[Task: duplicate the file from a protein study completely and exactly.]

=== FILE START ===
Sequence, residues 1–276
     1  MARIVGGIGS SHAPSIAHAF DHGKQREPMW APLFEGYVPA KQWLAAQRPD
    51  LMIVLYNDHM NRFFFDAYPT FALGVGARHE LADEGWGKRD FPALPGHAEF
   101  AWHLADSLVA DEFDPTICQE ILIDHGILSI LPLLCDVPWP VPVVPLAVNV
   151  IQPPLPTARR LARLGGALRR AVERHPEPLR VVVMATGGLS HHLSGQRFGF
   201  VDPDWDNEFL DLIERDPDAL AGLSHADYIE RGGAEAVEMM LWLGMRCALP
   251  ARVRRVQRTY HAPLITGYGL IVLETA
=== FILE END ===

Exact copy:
Sequence, residues 1–276
     1  MARIVGGIGS SHAPSIAHAF DHGKQREPMW APLFEGYVPA KQWLAAQRPD
    51  LMIVLYNDHM NRFFFDAYPT FALGVGARHE LADEGWGKRD FPALPGHAEF
   101  AWHLADSLVA DEFDPTICQE ILIDHGILSI LPLLCDVPWP VPVVPLAVNV
   151  IQPPLPTARR LARLGGALRR AVERHPEPLR VVVMATGGLS HHLSGQRFGF
   201  VDPDWDNEFL DLIERDPDAL AGLSHADYIE RGGAEAVEMM LWLGMRCALP
   251  ARVRRVQRTY HAPLITGYGL IVLETA